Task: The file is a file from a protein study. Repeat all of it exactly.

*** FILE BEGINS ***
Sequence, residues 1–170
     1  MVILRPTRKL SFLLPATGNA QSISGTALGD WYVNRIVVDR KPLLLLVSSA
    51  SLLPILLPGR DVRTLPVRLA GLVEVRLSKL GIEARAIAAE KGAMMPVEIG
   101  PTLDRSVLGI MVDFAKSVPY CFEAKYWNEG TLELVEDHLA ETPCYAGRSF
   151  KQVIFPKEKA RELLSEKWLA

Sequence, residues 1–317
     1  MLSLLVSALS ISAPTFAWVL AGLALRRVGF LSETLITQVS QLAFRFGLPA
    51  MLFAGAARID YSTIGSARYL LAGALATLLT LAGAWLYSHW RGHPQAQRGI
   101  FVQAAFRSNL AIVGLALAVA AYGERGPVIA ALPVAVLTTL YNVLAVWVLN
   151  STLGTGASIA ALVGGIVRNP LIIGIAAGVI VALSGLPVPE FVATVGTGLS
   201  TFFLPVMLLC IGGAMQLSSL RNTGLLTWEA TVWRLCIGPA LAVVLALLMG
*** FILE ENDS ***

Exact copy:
Sequence, residues 1–170
     1  MVILRPTRKL SFLLPATGNA QSISGTALGD WYVNRIVVDR KPLLLLVSSA
    51  SLLPILLPGR DVRTLPVRLA GLVEVRLSKL GIEARAIAAE KGAMMPVEIG
   101  PTLDRSVLGI MVDFAKSVPY CFEAKYWNEG TLELVEDHLA ETPCYAGRSF
   151  KQVIFPKEKA RELLSEKWLA

Sequence, residues 1–317
     1  MLSLLVSALS ISAPTFAWVL AGLALRRVGF LSETLITQVS QLAFRFGLPA
    51  MLFAGAARID YSTIGSARYL LAGALATLLT LAGAWLYSHW RGHPQAQRGI
   101  FVQAAFRSNL AIVGLALAVA AYGERGPVIA ALPVAVLTTL YNVLAVWVLN
   151  STLGTGASIA ALVGGIVRNP LIIGIAAGVI VALSGLPVPE FVATVGTGLS
   201  TFFLPVMLLC IGGAMQLSSL RNTGLLTWEA TVWRLCIGPA LAVVLALLMG